Casey Schwartz reviews Joshua Foer’s  Moonwalking With Einstein: The Art and Science of Remembering Everything. Foer competed in the U.S. memory competition in order to practice the way we once remembered:

“If you were a medieval scholar reading a book, you knew that there was a reasonable likelihood you’d never see that particular text again, and so a high premium was placed on remembering what you read,” Foer writes. “You couldn’t just pull a book off the shelf to consult it for a quote or an idea. ”

The invention of the Gutenberg press meant that books were no longer such a rarity that you had to imprint their contents onto your memory whenever you ran across them. Once they became retrievable, books changed the way people read. Now, information is even more easily tracked; all events easily documented; all opinions available. Knowing this, do we know things differently? Do we engage more casually with our lives, on the theory that any experience can be reduplicated later?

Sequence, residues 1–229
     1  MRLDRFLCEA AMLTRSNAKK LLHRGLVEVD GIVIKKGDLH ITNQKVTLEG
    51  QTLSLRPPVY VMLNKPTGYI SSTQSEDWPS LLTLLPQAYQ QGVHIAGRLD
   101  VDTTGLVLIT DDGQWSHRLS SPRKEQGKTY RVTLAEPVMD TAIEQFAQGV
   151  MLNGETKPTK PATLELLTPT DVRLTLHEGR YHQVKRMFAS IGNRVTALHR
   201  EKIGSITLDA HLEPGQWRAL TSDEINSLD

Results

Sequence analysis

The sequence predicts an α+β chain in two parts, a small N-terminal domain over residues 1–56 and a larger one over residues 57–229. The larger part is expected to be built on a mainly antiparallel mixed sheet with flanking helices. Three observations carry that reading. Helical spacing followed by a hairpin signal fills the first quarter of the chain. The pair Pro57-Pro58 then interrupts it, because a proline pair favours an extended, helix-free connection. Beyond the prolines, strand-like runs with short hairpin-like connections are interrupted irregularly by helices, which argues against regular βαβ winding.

We want to hear what you think about this article. Submit a letter to the editor or write to